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March 28, 1925


Author Affiliations

Washington, D. C.

JAMA. 1925;84(13):947. doi:10.1001/jama.1925.26620390001005a

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In the United States, the use of the Neubauer ruling shown in Figure 1 has been rather general for hemacytometer chambers. Professors in medical colleges, however, have had more or less difficulty in teaching the student to make the correct count because of the extra lines, which were originally added for the purpose of making the principal subdivisions of the central square millimeter area more readily discernible. Actually, these extra lines have led to confusion, resulting in erroneous counts, and the Neubauer ruling has not, therefore, been an unqualified success.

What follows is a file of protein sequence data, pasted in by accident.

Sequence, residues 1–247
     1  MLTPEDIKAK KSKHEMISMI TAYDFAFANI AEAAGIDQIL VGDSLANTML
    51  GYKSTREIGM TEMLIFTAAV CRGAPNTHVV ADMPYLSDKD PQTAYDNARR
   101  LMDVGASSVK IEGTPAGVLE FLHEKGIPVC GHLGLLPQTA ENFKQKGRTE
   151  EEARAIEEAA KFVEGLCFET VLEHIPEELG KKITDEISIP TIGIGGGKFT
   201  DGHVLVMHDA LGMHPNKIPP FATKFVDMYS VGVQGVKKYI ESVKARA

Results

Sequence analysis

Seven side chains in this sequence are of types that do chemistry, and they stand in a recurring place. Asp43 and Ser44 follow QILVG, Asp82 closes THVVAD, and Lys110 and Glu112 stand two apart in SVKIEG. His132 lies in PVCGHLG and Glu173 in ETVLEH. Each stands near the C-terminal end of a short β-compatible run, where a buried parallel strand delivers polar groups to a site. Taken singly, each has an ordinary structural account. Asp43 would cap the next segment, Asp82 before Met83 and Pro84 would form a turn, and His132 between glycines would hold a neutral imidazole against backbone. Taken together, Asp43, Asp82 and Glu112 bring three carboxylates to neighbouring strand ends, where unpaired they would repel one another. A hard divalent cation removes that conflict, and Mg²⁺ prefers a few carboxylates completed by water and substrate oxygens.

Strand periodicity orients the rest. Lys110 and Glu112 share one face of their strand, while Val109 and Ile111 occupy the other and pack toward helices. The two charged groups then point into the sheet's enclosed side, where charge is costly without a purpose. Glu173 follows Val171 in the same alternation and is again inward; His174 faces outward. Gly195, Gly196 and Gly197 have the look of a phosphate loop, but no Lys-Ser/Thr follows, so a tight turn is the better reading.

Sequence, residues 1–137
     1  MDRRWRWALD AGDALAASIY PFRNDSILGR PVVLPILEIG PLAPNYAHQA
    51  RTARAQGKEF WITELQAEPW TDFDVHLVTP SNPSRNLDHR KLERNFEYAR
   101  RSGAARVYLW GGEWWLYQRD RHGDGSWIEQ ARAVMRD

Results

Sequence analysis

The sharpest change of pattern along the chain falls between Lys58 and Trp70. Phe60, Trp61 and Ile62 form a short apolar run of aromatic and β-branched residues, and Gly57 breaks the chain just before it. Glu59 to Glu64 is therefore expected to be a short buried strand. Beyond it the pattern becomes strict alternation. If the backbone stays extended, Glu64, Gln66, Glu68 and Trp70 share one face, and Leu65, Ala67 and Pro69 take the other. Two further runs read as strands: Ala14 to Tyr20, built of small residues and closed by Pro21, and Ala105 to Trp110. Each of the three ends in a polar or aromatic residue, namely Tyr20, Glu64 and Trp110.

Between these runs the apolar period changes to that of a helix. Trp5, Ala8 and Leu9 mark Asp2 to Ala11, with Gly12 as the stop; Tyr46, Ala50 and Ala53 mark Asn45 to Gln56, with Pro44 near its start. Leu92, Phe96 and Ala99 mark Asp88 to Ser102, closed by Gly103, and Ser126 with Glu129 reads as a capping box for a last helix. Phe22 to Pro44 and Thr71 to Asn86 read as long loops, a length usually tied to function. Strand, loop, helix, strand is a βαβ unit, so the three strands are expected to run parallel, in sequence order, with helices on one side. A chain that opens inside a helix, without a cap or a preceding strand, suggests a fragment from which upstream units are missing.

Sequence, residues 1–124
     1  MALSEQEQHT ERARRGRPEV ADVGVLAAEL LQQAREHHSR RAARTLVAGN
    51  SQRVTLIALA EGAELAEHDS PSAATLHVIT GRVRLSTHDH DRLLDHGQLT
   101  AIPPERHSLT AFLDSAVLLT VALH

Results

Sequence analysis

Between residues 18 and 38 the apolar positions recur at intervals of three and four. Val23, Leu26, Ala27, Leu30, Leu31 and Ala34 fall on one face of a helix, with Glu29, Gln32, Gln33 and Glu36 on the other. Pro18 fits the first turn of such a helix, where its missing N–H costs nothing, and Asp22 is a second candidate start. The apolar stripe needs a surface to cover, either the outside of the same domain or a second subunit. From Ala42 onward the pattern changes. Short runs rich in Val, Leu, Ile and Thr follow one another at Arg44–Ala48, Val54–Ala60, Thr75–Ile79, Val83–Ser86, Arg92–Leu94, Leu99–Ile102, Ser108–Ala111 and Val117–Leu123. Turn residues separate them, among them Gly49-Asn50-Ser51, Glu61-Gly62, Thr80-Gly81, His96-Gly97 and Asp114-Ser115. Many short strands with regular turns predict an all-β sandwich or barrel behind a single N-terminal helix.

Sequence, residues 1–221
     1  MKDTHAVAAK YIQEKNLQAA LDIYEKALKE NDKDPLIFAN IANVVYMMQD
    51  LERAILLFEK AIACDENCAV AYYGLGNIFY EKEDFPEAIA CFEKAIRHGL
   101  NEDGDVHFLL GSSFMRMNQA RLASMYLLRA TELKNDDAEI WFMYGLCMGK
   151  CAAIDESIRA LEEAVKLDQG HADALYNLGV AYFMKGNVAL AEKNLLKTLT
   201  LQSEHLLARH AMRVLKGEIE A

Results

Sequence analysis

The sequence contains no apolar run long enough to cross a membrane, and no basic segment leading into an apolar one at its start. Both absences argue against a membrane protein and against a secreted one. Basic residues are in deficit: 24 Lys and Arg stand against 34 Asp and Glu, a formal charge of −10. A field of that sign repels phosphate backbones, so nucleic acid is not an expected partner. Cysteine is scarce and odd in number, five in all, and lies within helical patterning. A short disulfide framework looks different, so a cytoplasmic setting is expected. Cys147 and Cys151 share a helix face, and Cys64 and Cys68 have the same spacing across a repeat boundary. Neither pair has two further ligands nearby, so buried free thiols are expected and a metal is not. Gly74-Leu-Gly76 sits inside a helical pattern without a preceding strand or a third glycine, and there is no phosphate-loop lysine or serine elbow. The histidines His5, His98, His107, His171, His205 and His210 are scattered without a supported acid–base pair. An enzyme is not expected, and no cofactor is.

A new type of ruling, shown in Figure 2, a modification of the Neubauer, was recently submitted to the Bureau of Standards for test. This new ruling clearly defines the boundaries of the major subdivisions, and it would appear to possess an advantage to the physician using the instrument in the diagnosis of disease, because of the greater certainty with

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